Bee-hind the honey: our pollinators’ declining population


Student Media staff members Madelyn Rinka and Erin Cowan visited NSU’s apiary to speak with Venkatesh Shanbhag, a professor in the department of chemistry and physics. Shanbhag oversees the apiary and helps the honeybee population on campus by moving colonies that would otherwise be exterminated to rescue boxes.


“Save the bees.” The phrase that has been printed on t-shirts, etched into the covers of notebooks and ornately designed in social media posts more and more frequently, but what’s the whole story behind these — no pun intended — buzzwords


Honeybee populations are on the decline, an emergency scientists around the globe are working to address. Their communities have a crucial role in the ecosystem and their absence would have an insurmountable impact on our environment.

“They’ve been suffering and in decline for decades… but it’s been on the radar, publicly, relatively recently. There’s this notion of colony collapse disorder. What’s happening is it appears that they’re succumbing to a virus — the deformed wing virus. It’s a virus that they’ve co-evolved with for quite some time, but relatively recently, again in the last few decades, they seem to be more vulnerable. Almost as if the common cold started killing people left and right — that’s kind of what’s happening with them,” said Omar Tonsi Eldakar, assistant professor in the department of biological sciences. 


Bees that contract the deformed wing virus not only, as the name would imply, have deformed wings, but their navigational abilities are impacted as well, which results in honeybees leaving the hive and being unable to orient themselves back to the colony, explained Eldakar. The virus is typically carried within colonies by varroa mites, a parasitic species of mite that lives sympatrically with the honeybees. 

Shanbhag points to the colony’s queen bee

However, bee populations have coevolved with the deformed wing virus and the balance has only shifted out of the bees’ favor more recently as they begin to succumb to the virus. But why now?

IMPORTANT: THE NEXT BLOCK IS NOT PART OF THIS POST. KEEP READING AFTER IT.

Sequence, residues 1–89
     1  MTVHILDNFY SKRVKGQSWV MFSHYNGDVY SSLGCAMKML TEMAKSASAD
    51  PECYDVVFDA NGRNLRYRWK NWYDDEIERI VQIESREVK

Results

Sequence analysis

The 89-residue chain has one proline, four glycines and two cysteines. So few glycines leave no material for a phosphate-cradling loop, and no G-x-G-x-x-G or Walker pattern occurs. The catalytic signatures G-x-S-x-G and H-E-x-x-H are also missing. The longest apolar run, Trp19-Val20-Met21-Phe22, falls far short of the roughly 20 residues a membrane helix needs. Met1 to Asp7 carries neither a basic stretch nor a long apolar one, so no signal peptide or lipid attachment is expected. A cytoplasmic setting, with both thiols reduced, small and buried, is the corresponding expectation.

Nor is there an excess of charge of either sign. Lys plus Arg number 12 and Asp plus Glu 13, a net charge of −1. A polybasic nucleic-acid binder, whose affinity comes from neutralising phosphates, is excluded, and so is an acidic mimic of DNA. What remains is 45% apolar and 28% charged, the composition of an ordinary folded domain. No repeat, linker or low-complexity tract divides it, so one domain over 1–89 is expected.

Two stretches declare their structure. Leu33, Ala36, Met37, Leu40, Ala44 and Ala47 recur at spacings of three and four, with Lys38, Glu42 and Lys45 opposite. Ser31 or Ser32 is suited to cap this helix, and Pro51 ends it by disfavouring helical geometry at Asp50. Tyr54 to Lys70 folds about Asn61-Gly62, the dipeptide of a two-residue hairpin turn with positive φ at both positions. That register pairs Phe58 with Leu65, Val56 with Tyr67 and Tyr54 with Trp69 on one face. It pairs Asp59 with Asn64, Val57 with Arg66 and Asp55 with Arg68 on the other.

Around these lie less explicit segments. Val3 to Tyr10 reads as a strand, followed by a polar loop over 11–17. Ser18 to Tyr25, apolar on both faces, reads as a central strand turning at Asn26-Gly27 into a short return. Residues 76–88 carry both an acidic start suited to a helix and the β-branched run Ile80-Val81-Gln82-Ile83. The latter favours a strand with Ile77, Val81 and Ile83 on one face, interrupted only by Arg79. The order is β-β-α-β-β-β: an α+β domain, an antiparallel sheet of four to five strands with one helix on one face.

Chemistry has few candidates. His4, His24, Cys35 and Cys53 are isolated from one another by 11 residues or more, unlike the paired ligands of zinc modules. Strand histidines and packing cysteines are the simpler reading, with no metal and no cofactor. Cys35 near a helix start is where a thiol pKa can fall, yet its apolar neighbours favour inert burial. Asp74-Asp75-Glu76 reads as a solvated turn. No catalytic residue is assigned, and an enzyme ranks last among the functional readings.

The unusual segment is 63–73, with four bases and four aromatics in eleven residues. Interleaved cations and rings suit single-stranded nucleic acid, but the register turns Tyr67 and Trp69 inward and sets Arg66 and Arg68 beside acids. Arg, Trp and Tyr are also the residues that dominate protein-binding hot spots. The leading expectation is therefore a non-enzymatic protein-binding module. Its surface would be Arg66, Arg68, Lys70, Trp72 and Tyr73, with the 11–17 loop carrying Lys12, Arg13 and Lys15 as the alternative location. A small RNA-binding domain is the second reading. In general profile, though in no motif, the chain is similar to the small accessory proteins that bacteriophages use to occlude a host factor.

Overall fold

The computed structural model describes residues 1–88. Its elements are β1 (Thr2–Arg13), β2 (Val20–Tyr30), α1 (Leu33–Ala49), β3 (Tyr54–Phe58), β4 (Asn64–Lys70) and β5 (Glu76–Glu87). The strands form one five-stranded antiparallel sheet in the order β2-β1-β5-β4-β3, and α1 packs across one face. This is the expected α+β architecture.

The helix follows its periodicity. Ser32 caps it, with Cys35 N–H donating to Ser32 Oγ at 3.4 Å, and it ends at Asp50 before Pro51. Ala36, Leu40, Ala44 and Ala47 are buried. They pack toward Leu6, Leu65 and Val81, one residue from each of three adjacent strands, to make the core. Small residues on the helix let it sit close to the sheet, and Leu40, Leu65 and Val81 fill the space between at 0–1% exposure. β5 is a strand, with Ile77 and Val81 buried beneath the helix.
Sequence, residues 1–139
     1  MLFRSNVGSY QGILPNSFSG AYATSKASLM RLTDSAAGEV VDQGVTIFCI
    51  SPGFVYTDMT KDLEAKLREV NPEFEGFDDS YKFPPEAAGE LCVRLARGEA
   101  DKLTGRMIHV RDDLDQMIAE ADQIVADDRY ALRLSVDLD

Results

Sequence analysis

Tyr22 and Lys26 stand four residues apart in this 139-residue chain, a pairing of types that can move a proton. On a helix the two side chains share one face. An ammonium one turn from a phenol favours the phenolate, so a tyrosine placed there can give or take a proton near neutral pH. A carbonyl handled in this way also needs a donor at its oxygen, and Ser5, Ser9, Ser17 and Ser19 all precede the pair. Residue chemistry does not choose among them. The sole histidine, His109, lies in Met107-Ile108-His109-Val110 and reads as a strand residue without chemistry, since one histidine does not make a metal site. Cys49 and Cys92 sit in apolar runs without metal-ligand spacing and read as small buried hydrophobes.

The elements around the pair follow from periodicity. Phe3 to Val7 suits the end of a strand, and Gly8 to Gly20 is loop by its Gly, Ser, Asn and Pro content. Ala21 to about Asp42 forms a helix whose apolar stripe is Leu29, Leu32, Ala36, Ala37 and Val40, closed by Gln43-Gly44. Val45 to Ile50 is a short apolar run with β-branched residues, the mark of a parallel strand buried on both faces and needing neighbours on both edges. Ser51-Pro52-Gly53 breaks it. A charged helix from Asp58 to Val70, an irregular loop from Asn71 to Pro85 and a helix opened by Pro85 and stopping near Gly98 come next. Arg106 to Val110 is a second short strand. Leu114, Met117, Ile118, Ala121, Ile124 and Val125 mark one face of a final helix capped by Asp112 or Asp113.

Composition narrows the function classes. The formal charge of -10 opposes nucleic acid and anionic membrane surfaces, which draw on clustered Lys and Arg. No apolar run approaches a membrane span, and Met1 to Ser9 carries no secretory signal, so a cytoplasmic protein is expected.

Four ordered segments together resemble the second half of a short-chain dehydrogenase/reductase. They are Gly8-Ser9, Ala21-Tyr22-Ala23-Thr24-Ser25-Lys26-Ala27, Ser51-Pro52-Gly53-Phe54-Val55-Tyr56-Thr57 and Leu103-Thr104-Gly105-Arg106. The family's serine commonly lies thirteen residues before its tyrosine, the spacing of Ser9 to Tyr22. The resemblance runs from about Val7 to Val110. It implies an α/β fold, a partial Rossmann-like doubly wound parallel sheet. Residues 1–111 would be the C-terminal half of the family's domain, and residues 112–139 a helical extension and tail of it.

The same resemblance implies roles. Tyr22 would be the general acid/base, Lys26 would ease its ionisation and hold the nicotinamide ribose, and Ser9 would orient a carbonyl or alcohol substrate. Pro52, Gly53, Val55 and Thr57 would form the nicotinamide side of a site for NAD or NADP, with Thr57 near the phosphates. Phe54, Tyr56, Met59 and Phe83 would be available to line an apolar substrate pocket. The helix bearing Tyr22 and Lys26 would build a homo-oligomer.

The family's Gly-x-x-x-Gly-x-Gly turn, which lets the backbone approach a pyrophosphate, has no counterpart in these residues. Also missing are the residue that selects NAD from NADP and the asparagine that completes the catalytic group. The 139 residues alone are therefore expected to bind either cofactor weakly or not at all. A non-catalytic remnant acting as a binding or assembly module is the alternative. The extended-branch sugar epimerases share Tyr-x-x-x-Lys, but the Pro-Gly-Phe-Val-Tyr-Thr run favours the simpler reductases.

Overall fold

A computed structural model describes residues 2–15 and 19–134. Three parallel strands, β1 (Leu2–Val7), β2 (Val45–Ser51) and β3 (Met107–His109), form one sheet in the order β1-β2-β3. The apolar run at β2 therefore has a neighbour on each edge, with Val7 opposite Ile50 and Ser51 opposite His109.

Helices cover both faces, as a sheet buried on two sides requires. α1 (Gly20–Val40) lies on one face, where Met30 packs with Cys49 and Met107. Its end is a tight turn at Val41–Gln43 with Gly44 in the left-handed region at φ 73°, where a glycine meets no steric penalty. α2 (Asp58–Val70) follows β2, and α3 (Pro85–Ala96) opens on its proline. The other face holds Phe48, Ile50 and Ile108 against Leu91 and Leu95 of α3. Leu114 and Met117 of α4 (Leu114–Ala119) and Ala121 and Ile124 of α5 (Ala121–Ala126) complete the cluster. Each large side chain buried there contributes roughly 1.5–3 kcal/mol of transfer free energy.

According to the USDA’s Agricultural Research Service, a variety of factors, including “parasites and pests, pathogens, poor nutrition and sublethal exposure to pesticides,” are overlapping to threaten honeybee populations, making solving the issue complicated.


“It turns out, it’s not the deformed wing virus on its own. It’s actually certain types of pesticides that have deleterious effects on the immune system of these bees. These pesticides, called neonicotinoids, will have a negative consequence to the bees’ immune system. So now, the bees can’t fight off the virus. It’s not that the virus is becoming more prevalent or that the varroa mites are becoming more prevalent, it’s that the bees are more vulnerable to the virus because these neonicotinoids are essentially tipping the scales of this relationship in favor of the virus,” said Eldakar.


As honeybee populations decline, so do the fitness of the plant communities. According to the United Nations, almost 90% of global wild flowering plant species are at least in-part dependent on pollination from animals. With plants at the root of our food webs, a disruption in their reproductive process has numerous impacts on the stability of our ecosystems.


“A lot of plants require engaging pollinators to do the [reproduction] job for them… Some of these species are very specific as to which pollinators they’ll actually use and honeybees serve that role quite a bit in a lot of crops that are important for us,” said Eldakar.

There are things individuals can do to support honeybee populations and protect our ecosystem. First, listen to science and do research on neonicotinoids-containing pesticides that harm bees’ immune systems. Fighting the large-scale issue at the root can prevent problems from arising in the first place. 


From a more individual perspective, hosting colonies of bees in urban and residential environments, when possible and practical, can benefit the species as well — we just need to address the collective fear of honeybees and the preconceived assumption that they want to hurt us. It’s crucial to remember that honeybees don’t usually want to sting — doing so harms themselves. If they’re stinging, it’s to defend something, such as their colony.


“How do we educate people? It’s a very big mission… but it has to start with ‘quit being scared,’” said Shanbhag.


For the entire multimedia story about the threats bee populations are facing, visit


Those interested in learning more about the apiary at NSU can reach out to Shanbhag at

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